Jason Green: Thank you. Thank you. It’s been eight months and it’s a battle every day. Anyways, so when that was happening, I realized that he was looking to fire me because he wanted to go to his old tour manager Craig Bradford, who’s already quit by the way. He did not last as long as I did. When I was dealing with this, I knew that I was quitting. We had one more show in Canada. I told him, “Stop dicking me around. You want to fire me, fire me. I know what’s happening.” At this point, I had way more important things to do in my life. And trying to stay alive was one of them. So he told me, “Hope that there’s no hard feelings.” And you know, I don’t beat around the bush, which I think people see. I told him straight out, “No. There are hard feelings. I hate you and I wish you the worst.”
The thing is I thought that we were all friends [the rest of the band members]. We had this agreement that if one person left, we were all going to leave. And I was really representing those guys. When I was gone, we knew that they were all going to be treated like shit. Scotty [Griffin] was gone soon after. Bob wanted those guys to sign an exclusivity deal forbidding them to play with Sin City Sinners. “Fake” Ratt didn’t play enough. We needed Sin City Sinners. Sin City Sinners played Vegas, like you know, all the time. We needed the income. At the time, Blotzer would have two to three shows per month. It wasn’t enough to live. Scotty told him, “I’m not going to sign it. I am not going to be exclusive with you.”
We all knew that Warren was coming. I warned him, “If Warren is as rich as you claim he is, he’s not going to let you get away with it.” We all had a hunch that something is going to happen. No one really knew. I should say that at this point, I did talk to Warren DeMartini and I did talk to Stephen Pearcy. And really in a compassionate way, they expressed their condolences. I spoke to all the members of what, in my opinion is going to become Ratt.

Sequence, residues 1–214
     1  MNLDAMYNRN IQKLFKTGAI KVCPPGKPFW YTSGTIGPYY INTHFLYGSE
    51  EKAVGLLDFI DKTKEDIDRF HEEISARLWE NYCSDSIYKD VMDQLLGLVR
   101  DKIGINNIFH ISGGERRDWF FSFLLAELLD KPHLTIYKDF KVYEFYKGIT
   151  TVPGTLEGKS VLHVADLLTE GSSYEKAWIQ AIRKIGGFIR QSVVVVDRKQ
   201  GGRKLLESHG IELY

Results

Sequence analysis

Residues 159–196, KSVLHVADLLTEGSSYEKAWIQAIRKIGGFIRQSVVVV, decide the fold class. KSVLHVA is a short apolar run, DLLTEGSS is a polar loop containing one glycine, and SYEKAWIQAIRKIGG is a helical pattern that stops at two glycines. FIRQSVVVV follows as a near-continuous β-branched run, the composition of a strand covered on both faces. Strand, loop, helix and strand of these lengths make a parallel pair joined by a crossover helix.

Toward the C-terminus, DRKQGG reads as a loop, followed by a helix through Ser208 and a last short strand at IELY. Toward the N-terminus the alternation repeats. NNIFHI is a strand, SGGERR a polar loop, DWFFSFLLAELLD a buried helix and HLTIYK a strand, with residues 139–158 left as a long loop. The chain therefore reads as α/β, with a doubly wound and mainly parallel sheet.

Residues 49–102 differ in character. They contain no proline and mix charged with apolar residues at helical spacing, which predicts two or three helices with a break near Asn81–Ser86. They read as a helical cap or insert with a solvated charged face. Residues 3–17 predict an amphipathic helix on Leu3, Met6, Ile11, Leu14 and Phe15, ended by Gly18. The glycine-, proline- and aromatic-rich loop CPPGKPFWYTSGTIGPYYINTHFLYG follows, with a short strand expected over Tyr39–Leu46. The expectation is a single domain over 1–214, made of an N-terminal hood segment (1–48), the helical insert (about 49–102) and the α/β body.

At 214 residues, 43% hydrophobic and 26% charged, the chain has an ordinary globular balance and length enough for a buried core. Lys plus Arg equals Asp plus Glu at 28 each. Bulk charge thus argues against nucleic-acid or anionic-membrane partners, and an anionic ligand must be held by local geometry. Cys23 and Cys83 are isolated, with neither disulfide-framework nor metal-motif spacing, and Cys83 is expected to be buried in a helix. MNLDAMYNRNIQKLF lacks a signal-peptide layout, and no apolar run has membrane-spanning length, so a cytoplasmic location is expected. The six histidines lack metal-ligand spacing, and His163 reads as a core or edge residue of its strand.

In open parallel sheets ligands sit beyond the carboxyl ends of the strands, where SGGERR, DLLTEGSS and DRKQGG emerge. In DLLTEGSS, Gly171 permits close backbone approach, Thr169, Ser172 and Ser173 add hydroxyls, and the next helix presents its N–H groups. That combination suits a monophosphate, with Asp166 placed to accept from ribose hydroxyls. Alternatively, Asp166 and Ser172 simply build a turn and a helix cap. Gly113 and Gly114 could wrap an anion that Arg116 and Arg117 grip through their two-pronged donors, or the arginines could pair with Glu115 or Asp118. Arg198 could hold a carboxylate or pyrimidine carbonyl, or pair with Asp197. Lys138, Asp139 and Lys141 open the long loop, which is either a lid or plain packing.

And so, Bob screwed over a guitarist named Blaze — you know, the young guitarist who is incredible. He did not pay him for four shows. This is all public. And he blamed Blaze for breach of contract. This is after Blotzer walked off the stage in Oklahoma after three songs. The whole band put in their resignation and it’s kind of documented. So at this point that kind of ended up in a legal situation too for the guys that didn’t get paid.
Now he has Stacey Blades who played in Sin City Sinners before. I didn’t think that he was necessarily the best choice but OK. And then, he went and got Todd Kerns. So now it’s a tribute to the Ratt experience. It’s not even the Ratt experience anymore. But Todd only did a few shows, he’s done. They have added a new cast of characters yet we’re supposed to believe it’s Ratt. How the hell is that possible when Warren, Stephen and Juan are looking to play.
Sleaze Roxx: Back in late August 2016, Bobby Blotzer mentioned on the Eddie Trunk show that they are working on possibly doing a studio album with his version of Ratt. While you were in the fold, was that being discussed at all?
Jason Green: Yeah. He told us… First of all, he was looking for people to write the songs because he can’t write [songs] himself. He was claiming that we were going to make a record, we were going to buy a house. We were going to be rich. That was a big one. We are all going to be buying houses. Gimme a break. So, he was talking about that record. I don’t believe that he can make a record without them.
Thank you to Mark K. for connecting Sleaze Roxx and Jason Green.